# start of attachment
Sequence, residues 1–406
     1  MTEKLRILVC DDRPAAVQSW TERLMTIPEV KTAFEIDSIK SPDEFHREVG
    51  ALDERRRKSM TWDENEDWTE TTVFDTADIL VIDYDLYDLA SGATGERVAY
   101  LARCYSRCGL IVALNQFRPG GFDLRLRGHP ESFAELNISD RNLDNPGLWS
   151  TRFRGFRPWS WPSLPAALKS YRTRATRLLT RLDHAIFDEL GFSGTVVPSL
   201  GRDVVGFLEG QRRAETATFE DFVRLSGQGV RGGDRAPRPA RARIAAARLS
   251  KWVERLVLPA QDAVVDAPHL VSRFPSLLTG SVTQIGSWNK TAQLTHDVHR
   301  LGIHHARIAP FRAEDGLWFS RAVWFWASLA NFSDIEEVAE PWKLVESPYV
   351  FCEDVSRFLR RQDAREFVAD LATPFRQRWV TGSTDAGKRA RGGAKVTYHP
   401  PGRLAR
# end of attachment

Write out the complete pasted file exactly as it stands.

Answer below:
Sequence, residues 1–406
     1  MTEKLRILVC DDRPAAVQSW TERLMTIPEV KTAFEIDSIK SPDEFHREVG
    51  ALDERRRKSM TWDENEDWTE TTVFDTADIL VIDYDLYDLA SGATGERVAY
   101  LARCYSRCGL IVALNQFRPG GFDLRLRGHP ESFAELNISD RNLDNPGLWS
   151  TRFRGFRPWS WPSLPAALKS YRTRATRLLT RLDHAIFDEL GFSGTVVPSL
   201  GRDVVGFLEG QRRAETATFE DFVRLSGQGV RGGDRAPRPA RARIAAARLS
   251  KWVERLVLPA QDAVVDAPHL VSRFPSLLTG SVTQIGSWNK TAQLTHDVHR
   301  LGIHHARIAP FRAEDGLWFS RAVWFWASLA NFSDIEEVAE PWKLVESPYV
   351  FCEDVSRFLR RQDAREFVAD LATPFRQRWV TGSTDAGKRA RGGAKVTYHP
   401  PGRLAR